Country Lights Uganda Blog
“Mom, I need to add something to my Christmas wish list.”
It’s that time of year again. The stores are adorned with all things red and green. Mailboxes and inboxes are filled with ads, sales, and catalogs. Prettily wrapped packages are at the forefront of nearly everyone’s minds — especially kids’.
Christmas provides a wonderful opportunity to pour the truths of the gospel into the hearts of our children. It’s an ideal time to show them the greatest gift they could ever receive, the gift of Jesus Christ.
Below is a list of important truths to teach our children this Christmas:
During Advent, with the anticipation of the 25th, we can teach and prepare our children for the celebration in Scripture of Jesus’s birth.
In our family, we like to begin with the story of creation and daily walk through the story of redemption until we get to Christ’s birth on Christmas day. We talk about the fall and God’s promise of a Savior in Genesis 3:15. We read about his promise to Abraham that he reaffirms throughout the Old Testament. We discuss Moses and the one greater than Moses who would come (Hebrews 3:3–6). We read the prophecies in Isaiah. We look at how all of the Bible points to our Redeemer.
For the world, the holiday season is about extravagance, opulence, and making every detail picture-perfect. The story of Jesus, however, is one of humility. Christmas time provides a great opportunity to teach our children about what it means to be greatest in the kingdom (Matthew 20:26–28). His parents, his place of birth, his hometown, and his very act of taking on human flesh were all demonstrations of humility.
Most people expected the Messiah to arrive in a castle, not a stable. Most expected him to live a life of royalty, not poverty. Most expected him to conquer the Romans, not be crucified by them. Read through Philippians 2:1–11 and show your children the humility of Christ.
In a similar vein, teaching our children how God works through weakness is another topic to teach at Christmas. God often chooses the unlikely and the weak to use in his story of redemption. Mary was a simple, poor girl from an insignificant town. Peter was an uneducated fisherman. God’s glory is displayed when he works through our weaknesses. This is seen most dramatically in Jesus’s death on the cross in our place and his resurrection on the third day, securing our victory over sin and death.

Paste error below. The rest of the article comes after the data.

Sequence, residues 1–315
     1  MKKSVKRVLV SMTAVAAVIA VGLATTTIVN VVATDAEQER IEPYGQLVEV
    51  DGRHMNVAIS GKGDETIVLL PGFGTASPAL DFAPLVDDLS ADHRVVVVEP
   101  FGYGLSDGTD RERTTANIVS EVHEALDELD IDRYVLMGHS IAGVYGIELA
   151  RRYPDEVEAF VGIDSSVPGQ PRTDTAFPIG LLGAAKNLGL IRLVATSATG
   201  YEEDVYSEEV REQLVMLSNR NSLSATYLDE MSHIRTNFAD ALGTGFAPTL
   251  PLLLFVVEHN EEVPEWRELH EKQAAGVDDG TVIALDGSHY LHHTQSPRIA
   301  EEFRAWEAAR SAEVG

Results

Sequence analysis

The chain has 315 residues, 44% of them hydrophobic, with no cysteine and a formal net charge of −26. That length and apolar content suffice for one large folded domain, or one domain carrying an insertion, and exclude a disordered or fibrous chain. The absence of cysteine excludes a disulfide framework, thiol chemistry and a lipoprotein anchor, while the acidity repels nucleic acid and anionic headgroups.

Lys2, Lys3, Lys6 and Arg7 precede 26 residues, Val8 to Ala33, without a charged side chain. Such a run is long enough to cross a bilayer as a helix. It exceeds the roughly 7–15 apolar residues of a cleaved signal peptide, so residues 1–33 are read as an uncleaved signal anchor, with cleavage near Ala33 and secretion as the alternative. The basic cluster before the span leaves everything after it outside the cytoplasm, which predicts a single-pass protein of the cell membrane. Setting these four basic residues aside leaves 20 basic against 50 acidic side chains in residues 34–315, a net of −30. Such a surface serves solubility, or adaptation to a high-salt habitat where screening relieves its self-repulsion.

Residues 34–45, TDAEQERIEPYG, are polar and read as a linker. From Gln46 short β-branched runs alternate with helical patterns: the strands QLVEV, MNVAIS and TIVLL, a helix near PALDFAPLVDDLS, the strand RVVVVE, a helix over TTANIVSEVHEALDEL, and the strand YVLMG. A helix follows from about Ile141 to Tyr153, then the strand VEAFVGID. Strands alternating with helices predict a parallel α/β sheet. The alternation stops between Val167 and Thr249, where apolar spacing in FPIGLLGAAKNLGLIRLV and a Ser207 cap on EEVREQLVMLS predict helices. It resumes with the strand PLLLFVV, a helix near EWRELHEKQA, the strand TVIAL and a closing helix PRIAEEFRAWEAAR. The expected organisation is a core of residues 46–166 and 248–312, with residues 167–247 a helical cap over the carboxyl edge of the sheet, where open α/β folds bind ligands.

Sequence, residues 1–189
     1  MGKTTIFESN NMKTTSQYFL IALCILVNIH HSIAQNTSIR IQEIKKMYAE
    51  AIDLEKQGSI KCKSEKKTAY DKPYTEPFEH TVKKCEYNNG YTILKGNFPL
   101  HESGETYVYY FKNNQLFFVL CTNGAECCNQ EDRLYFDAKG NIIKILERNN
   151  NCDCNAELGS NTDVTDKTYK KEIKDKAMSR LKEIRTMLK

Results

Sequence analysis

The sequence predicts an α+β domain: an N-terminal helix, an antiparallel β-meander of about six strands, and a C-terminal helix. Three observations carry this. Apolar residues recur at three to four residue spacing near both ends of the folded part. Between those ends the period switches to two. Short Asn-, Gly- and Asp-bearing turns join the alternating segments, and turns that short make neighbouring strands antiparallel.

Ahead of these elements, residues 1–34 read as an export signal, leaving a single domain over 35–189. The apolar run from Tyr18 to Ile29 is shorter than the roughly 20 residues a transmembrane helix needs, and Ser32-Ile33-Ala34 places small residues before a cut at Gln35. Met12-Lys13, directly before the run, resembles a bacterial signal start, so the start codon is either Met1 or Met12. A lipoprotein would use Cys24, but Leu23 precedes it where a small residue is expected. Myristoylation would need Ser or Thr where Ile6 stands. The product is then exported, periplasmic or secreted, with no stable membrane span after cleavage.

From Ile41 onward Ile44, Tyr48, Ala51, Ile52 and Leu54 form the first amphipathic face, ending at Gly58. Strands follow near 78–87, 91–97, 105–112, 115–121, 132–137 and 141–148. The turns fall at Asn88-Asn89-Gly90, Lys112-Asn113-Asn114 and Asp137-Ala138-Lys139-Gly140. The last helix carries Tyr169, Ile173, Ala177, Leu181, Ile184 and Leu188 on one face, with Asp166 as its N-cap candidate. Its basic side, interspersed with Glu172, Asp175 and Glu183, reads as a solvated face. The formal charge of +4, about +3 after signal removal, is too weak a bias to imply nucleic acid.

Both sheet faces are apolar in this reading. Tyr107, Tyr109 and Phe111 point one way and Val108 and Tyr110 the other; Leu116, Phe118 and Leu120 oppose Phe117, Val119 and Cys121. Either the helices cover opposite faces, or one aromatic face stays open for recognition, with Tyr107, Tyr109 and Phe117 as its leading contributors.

Another important truth we can emphasize with our children during this season is that God keeps his promises. We can begin with the promise of a Savior after the fall and go throughout the Old Testament, looking at God’s promise to redeem his people, culminating in the fulfilled promise in Christ.
Last year, my children learned a different name for Jesus each day during Advent. We studied names such as Messiah, Lamb of God, Immanuel, Alpha and Omega, and Prince of Peace. Teaching children the names of Jesus and what they mean helps them know more about Jesus, his character, and what he has done. We made a chain link out of paper with a different name printed out on each one. Another way to learn the names might be to create a Christmas ornament for each one and hang them on a Christmas tree each time you study a name.
Take advantage of this time of year to teach your children about the Christ-child. Spend time in the word, showing them the promised Messiah and how that promise was fulfilled in the baby born in Bethlehem. Help them see that Jesus is the greatest gift they could ever receive and the greatest gift they could share with others.
Article First Published Here. Christina Fox (@christinarfox) is a writer, retreat and conference speaker, and author of several books, including Idols of a Mother’s Heart and Sufficient Hope: Gospel Meditations and Prayers for Moms. You can find more of her writings at her website.
As reported on Christian News Uganda - Access the Original News Source Here.